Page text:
I don't understand if the average of the led's affect the voltage rating like 12v and if I need a transformer to prevent that.
Please could you rephrase the question :-)
Sky_line91 says: Feb 7, 2010. 5:00 PM
can someone just really quick explain what type of cable to use b/c that threw me off a little bit. please and thank you
It's just really standard single core cable. Hope that helps
gaby1st in reply to Sky_line91Jun 19, 2011. 3:42 PM
Hi there,
you can use any copper cable.
NikonDork says: May 8, 2010. 5:34 AM
Great 'ible! I have a few rooms wired with a few LED's for mood/low level lighting.

Ive been saving these babies from the trash at work for over a month and now I have over 30 feet of em. I think im gonna see if I can find some decent sized crown molding and go around my whole living room.
justafew in reply to NikonDorkSep 21, 2010. 11:40 AM
Are those surface mounted leds? Is there someplace you can buy the flat mounted and ready to go?

Cheers!
usLEDsupply in reply to justafewDec 11, 2010. 9:24 AM
you can get them in any color or RGB with several types of silicone coating for \$5-6/ft or even un-coated ones for just over \$4/ft
NikonDork in reply to justafewSep 22, 2010. 6:45 AM
Yes, they are surface mount warm white LEDs mounted to a thin, flexible PCB strip with the resistors already mounted. The circuit board is lightly coated with a varnish and is water resistant. Normally it comes in rolls, and can be cut at designated cut marks. It runs on 12v, no matter the length. You can order a roll of them (In colors too) on the internet. Just google "LED strip lighting"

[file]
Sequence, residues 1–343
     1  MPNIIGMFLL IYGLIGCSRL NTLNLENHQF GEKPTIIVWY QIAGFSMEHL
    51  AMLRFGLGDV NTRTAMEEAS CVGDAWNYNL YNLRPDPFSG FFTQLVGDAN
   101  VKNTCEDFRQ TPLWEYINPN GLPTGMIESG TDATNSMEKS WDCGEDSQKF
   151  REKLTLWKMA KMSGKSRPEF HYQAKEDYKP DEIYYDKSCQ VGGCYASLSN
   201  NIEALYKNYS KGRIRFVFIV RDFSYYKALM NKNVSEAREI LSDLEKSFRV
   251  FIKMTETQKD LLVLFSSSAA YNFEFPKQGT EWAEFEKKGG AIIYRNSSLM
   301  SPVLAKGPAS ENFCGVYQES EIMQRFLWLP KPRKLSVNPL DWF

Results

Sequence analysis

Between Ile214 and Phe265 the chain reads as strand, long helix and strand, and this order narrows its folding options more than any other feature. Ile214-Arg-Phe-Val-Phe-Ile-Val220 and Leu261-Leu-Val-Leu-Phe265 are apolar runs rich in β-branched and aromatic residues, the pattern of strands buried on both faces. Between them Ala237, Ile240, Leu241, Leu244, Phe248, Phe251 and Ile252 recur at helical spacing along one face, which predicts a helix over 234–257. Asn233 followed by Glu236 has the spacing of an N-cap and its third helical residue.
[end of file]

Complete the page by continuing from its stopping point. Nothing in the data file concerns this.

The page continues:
ap1922 in reply to NikonDorkAug 25, 2010. 9:26 AM
You could always send some my way :)
NikonDork in reply to ap1922Sep 4, 2010. 3:15 PM
Heh, I have a whole box of them now! I think im saving most of them to go around my porch's railing for some nice low level lighting at night. Meanwhile im finding handy places around the house to put a few. I just finished refinishing my bathroom's medicine cabinet. It was old and rusty looking inside. After all the sanding and priming and painting, I figured what the hell, a few strips inside with a tiny reed switch mounted to the door would be pretty sweet. What do you think?
like it :-)
Rockwell108 in reply to NikonDorkAug 23, 2010. 6:59 PM
Where do you work that they are throwing these things out?
NikonDork in reply to Rockwell108Aug 26, 2010. 1:43 AM
I work for a company that builds arcade redemption games, the kind you win tickets from.
Docholiday117 says: Nov 30, 2010. 5:22 PM
rodriyrex says: Aug 31, 2010. 10:30 AM
Did you use only one voltage source for that many leds? (talking about the picture of your bedroom). And how many leds did you use in your bedroom?
LED's are super low amps. 30 milli amps But remember that you must ue resistors
I think about 100 in total and yes it was once source. I know use a computer as the source as the server in that room is always on i just pull the 12V form the PSU. But originally ye si just used a wall plug adapter.
ohhh.. how much voltage and amps did the wall plug have? Everytihng is in parallel? I can't believe that a simple wall plug can turn on so many leds!
cwignall says: Aug 10, 2010. 8:51 AM
so you basically just shove the led directly into the wires in the cable? id have thought this was a bit dangerous - may be wrong
ichisato in reply to cwignallAug 23, 2010. 4:29 PM
You aren't wrong but it isn't "dangerous" It is quite sloppy if you ask me. Overall great instructable. Needs a bit more detail as you skipped some steps but I approve of the final product (y).
Kirbsome! says: Aug 17, 2010. 1:24 PM
Awesome, love it!
neverplaywitfire says: Aug 15, 2010. 8:11 AM
ok so im planning to do this but with about 100 leds and im not real clear on how the amps work i did the formula thing yuou wrote down but it says i need 30 amps....is that right?